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The Telemark Canal


The Telemark Canal connects the inland of county Telemark, Dalen in the west and Notodden in the east, with the county capital Skien and onwards to the sea at Frierfjorden by Porsgrunn city. Through a series of locks natural waterways are made navigable, the highest elevation of the canal being Dalen at the end of Lake Bandak, 72 meters above the sea. It is about a 105 km’s journey from the quay Hjellebrygga, Skien, which is traditionally held as the starting point, to Dalen. The canal was constructed to facilitate mail, person, goods and lumber transport along the waterway.

The canal can be divided into two parts, Skien-Nordsjø first, and first finished in 1861, with locks in Skien city (2-5 m) raising from the natural level of the river to Hjellevannet, by way of the river Farelva and  then with locks at Løveid raising 5 to 15m at lake Norsjø.

From Lake Norsjø, by way of the river Saua, Notodden, 16 m. at Lake Heddalsvatnet can be reached without more locks. Despite being all natural waterways this stretch is often dubbed the eastern canal.

Again, from Lake Norsjø, the second part of the Telemark canal, finished in 1889 and dubbed the eighth wonder of the world by contemporary travel guides, takes off westwards at Ulefoss town. It is raising in the Ulefoss locks( 16-26 m), following the Eidselva to the Eidsfoss locks, 27-37 m, a short stretch on to the impressive Vrangfoss locks, 37-60 m. From Vrangfoss the river is called Straumen, lit. ‘The Stream’, where you chug against the current up to Lake Nomevatn and onwards to the town Lunde with Lunde locks 60-63 m, still following Straumen, to Kjeldal locks, 63-66 m and shortly to Hogga locks, 66-72 m, which is the last lock. The waterway is following Straumen past Flåbygd village and into Lake Flåvatn, follows a stretch of river called Fjågesundstraumen, on to Lake Kviteseidvatnet. From Kviteseidvatnet the river is again called Strauman, linking up to the ultimate lake, Lake Bandak. The very end is at the town Dalen, with its fairy-tale romantic hotel making for a very scenic approach through the fjord like lake as it cuts into the mountainous landscape.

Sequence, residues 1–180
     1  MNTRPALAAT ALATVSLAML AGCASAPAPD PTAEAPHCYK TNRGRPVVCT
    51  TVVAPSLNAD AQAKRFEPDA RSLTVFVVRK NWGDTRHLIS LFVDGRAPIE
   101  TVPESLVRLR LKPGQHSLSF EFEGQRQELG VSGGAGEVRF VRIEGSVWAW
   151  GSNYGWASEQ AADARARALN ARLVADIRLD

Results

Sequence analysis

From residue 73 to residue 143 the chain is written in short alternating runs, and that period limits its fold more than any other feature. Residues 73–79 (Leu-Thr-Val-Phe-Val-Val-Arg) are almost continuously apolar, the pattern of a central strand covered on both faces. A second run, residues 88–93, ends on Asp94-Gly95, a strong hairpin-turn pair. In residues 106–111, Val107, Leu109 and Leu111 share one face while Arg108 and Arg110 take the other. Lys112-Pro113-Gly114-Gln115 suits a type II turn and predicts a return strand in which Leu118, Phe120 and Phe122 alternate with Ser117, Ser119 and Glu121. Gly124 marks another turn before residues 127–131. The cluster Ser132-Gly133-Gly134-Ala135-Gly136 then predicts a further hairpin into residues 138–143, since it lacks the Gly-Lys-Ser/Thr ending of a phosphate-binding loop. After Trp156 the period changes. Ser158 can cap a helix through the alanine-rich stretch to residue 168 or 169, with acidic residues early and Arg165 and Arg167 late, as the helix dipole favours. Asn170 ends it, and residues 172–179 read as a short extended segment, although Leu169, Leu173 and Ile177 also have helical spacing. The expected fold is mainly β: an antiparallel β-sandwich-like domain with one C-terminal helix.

MS (motor ship) Henrik Ibsen was constructed in 1907 by Eriksbergs Mekaniska Verkstad in Göteborg, Sweden. The ship is 30.9 m long, 6.4 m wide and a gross tonnage of 186. Launched as ds Styrsø (ds: dampskip, steam ship), the ship was used in local passenger traffic in the Göteborg area. In 1952 the ship had its steam engine replaced with a diesel. The ship was grounded in 1972, leading to large repairs. It was sold to Norwegian ‘Turist Trafikk Dalen AS’ in 1992, refurbished and renamed to MS Henrik Ibsen. From 1993 on the ship was to travel the Telemark canal until it lost its certification in 2008. In 2009 it was sold to the owner of Dalen Hotel for a symbolic sum, the most expensive 1 kr. he ever have laid out as the 2010 repairs and refurbishment cost  approx. 20 mill. kr. (2 mill. euro). The ship was reinstated in passenger traffic on the Telemark canal, making sure the guests at the hotel could get an unforgettable journey through Telemark. MS Henrik Ibsen tm was registered as a trademark in 2015. The ship is often dubbed "the King of the Telemark Canal".


About the model: This model is made of two major parts, the lock and the ship MS Henrik Ibsen.

First, about the lock: Set on two 16*32 base plates, is made to resemble one lock chamber in the Telemark Canal, with a rise of 3 bricks. It comes with two lock guards who operate the sluice valves and rods in the lock gates, ensuring an even fill or emptying of the chamber. Of building challenges I’d say the lock gates are perhaps the most satisfying.

MS Henrik Ibsen is an attempt at a faithful scale model of the original ship, although I have taken some freedoms regarding the details to make it fit minifigures and have a decent LEGO aesthetic. It is built in three separate decks, to be stacked in the manner of floors in modular buildings. The hull shaping is done by thin hinge plates and bricks with studs on the side having plates w. bow and tiles on them. The bottommost deck contains the ship’s restaurant with ample seating for all passengers. The middle deck is the promenade deck, where passengers enter and disembark or find a nice spot to watch the stunning landscape. The topmost deck contains the bridge, with the captain at helm, a lifeboat, liferaft and three cycles being ferried upstream for the adventurous tourists, who probably has plans to bike their way back. The building challenge is the hull shaping, of which a certain degree of fiddliness is to be expected, but also very gratifying to get right. Six minifigures is included, the captain, a deckhand and four tourists.

The ship model is about 410 mm long, which gives it a scale of 1:75. The set is 1513 bricks in total, both lock and ship. It is modelled in lego digital designer with the standard palette, so hopefully all bricks used are available.


Sources and further reading:

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